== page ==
Shun sugary treats to avoid winter depression this X'mas

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Sugar Depression
You need to avoid eating sweets this season if you do not want to suffer from depression. Pixabay

Like any holiday season, you are once again surrounded by sugar plum pudding, chocolate cakes and sweet treats, but skipping those this time will help you ward off depressive illness especially if you are prone to depression, suggest researchers.

Eating added sugars — common in so many holiday foods — can trigger metabolic, inflammatory and neurobiological processes tied to depressive illness, said the study from a team of clinical psychologists at the University of Kansas published in the journal Medical Hypotheses.

Coupled with dwindling light in wintertime and corresponding changes in sleep patterns, high sugar consumption could result in a “perfect storm” that adversely affects mental health.

depression
Consuming sweets and sugary items can trigger depression. Lifetime stock

“For many people, reduced sunlight exposure during the winter will throw off circadian rhythms, disrupting healthy sleep and pushing five to 10 per cent of the population into a full-blown episode of clinical depression,” said Stephen Ilardi, associate professor of clinical psychology.

Ilardi, who co-authored the study with Daniel Reis (lead author), Michael Namekata, Erik Wing and Carina Fowler (now of Duke University), said these symptoms of “winter-onset depression” could prompt people to consume more sweets.

“One common characteristic of winter-onset depression is craving sugar,” he said.

Avoidance of added dietary sugar might be especially challenging because sugar offers an initial mood boost, leading some with depressive illness to seek its temporary emotional lift.

When we consume sweets, they act like a drug.

“They have an immediate mood-elevating effect, but in high doses they can also have a paradoxical, pernicious longer-term consequence of making mood worse, reducing well-being, elevating inflammation and causing weight gain,” said Ilardi.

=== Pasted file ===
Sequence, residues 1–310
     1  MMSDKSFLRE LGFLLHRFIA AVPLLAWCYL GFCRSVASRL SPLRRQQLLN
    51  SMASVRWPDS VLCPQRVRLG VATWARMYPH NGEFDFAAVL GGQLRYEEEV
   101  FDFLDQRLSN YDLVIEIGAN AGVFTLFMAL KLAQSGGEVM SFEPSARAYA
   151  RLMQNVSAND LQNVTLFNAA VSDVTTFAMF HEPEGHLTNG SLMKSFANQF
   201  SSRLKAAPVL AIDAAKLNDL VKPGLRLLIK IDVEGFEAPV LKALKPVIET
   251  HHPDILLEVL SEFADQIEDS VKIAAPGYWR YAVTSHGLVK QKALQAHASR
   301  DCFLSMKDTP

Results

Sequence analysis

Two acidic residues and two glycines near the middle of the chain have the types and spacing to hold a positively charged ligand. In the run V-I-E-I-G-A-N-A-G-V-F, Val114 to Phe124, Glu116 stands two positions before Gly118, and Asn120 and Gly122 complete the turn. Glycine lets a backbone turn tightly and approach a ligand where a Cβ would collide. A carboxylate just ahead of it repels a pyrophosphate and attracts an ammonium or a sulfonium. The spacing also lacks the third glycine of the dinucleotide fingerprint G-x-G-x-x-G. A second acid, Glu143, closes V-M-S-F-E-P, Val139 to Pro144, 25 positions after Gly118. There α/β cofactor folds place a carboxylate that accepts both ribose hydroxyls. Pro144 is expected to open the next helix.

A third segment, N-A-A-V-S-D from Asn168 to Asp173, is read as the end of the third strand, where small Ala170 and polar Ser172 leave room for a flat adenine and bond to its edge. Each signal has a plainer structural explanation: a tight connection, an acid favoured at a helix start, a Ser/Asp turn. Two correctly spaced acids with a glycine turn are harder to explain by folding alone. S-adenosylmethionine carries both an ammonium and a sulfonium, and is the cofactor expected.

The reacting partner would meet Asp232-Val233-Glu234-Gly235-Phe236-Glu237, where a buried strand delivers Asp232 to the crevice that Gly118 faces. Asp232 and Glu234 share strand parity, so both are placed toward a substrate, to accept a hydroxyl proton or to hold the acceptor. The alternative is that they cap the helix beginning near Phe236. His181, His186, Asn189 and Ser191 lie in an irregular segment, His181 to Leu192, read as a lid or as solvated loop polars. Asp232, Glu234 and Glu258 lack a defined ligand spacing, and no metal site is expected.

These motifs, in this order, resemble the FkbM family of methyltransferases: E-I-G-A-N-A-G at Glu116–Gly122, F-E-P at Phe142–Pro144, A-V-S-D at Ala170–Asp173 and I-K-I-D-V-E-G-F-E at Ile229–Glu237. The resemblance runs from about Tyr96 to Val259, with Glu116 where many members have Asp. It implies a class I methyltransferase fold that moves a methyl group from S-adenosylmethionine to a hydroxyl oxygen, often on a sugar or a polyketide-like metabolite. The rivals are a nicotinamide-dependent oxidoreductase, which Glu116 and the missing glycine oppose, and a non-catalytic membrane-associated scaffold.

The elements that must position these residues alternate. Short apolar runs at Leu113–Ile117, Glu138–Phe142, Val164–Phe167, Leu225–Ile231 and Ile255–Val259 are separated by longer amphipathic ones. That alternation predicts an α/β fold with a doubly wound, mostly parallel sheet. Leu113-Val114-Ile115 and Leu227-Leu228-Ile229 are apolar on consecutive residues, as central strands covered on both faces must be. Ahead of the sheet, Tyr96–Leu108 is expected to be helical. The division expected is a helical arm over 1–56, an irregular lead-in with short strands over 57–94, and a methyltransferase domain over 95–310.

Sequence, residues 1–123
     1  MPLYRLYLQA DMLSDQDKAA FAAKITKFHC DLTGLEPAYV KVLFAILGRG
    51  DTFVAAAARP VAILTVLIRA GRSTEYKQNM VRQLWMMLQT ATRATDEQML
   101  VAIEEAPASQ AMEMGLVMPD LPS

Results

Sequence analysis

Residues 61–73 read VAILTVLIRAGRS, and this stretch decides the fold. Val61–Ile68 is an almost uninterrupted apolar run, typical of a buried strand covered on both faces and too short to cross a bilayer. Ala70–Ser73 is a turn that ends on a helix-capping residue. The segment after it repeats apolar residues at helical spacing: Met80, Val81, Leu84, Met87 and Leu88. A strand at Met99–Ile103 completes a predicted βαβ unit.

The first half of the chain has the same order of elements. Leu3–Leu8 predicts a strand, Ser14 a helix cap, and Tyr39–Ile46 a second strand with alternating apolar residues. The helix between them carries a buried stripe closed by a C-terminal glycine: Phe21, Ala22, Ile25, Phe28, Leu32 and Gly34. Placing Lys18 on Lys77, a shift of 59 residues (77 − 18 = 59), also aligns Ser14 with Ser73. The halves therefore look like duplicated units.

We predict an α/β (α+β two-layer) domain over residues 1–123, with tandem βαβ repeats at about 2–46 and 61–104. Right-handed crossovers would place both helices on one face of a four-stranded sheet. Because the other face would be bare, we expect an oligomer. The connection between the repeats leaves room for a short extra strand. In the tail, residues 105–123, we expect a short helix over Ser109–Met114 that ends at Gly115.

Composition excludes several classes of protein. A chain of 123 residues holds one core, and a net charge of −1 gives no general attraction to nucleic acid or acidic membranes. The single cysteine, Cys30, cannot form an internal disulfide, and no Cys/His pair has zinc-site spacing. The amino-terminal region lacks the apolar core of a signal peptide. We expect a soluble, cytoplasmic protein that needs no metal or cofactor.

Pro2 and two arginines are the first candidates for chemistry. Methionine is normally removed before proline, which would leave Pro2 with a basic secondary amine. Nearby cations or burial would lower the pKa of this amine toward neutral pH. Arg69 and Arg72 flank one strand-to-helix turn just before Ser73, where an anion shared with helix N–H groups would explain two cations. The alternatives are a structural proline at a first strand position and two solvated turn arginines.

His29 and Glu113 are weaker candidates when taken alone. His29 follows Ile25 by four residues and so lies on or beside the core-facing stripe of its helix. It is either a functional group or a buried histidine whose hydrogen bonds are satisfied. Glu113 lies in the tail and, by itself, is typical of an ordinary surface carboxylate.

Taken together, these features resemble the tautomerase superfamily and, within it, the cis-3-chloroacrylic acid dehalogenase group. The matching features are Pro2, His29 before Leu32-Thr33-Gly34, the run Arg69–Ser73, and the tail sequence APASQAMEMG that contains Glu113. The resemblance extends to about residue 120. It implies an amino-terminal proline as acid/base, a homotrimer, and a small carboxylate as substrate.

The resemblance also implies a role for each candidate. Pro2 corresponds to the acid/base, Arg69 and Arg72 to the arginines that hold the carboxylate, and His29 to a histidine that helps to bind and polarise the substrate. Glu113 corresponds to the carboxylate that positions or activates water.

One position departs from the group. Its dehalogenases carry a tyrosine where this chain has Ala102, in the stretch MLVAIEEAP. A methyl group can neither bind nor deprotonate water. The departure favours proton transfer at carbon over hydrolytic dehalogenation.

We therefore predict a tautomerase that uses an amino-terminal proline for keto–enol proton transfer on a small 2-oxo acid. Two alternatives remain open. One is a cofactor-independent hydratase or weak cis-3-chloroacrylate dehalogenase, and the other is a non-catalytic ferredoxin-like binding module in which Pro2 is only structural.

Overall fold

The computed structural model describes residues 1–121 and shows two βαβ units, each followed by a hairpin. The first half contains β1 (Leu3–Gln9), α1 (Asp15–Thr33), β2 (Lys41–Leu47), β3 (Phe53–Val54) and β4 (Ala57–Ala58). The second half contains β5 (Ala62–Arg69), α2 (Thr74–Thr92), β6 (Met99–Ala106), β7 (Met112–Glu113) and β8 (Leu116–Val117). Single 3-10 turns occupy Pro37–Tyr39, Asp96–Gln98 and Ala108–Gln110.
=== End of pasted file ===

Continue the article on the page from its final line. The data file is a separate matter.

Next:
The investigators reached their conclusions by analysing a wide range of research on the physiological and psychological effects of consuming added sugar.

Sweets depression
When we consume sweets, they act like a drug. Pixabay

It might be appropriate to view added sugar, at high enough levels, as physically and psychologically harmful, akin to drinking a little too much liquor.

“Alcohol is basically pure calories, pure energy, non-nutritive and super toxic at high doses. Sugars are very similar. We’re learning when it comes to depression, people who optimise their diet should provide all the nutrients the brain needs and mostly avoid these potential toxins,” Ilardi explained.

The researchers found inflammation is the most important physiological effect of dietary sugar related to mental health and depressive disorder.

“We know that inflammatory hormones can directly push the brain into a state of severe depression. So, an inflamed brain is typically a depressed brain. And added sugars have a pro-inflammatory effect on the body and brain,” said the researchers.

Our bodies host over 10 trillion microbes and many of them know how to hack into the brain.

“Many of those parasitic microbes thrive on added sugars, and they can produce chemicals that push the brain in a state of anxiety and stress and depression. They’re also highly inflammatory,a the team wrote.

Also Read- New AI can Reduce Risk of Suicide Among Youth

Ilardi recommended a minimally processed diet rich in plant-based foods and Omega-3 fatty acids for optimal psychological benefit.

As for sugar, observe caution not just during the holidays, but year-round. (IANS)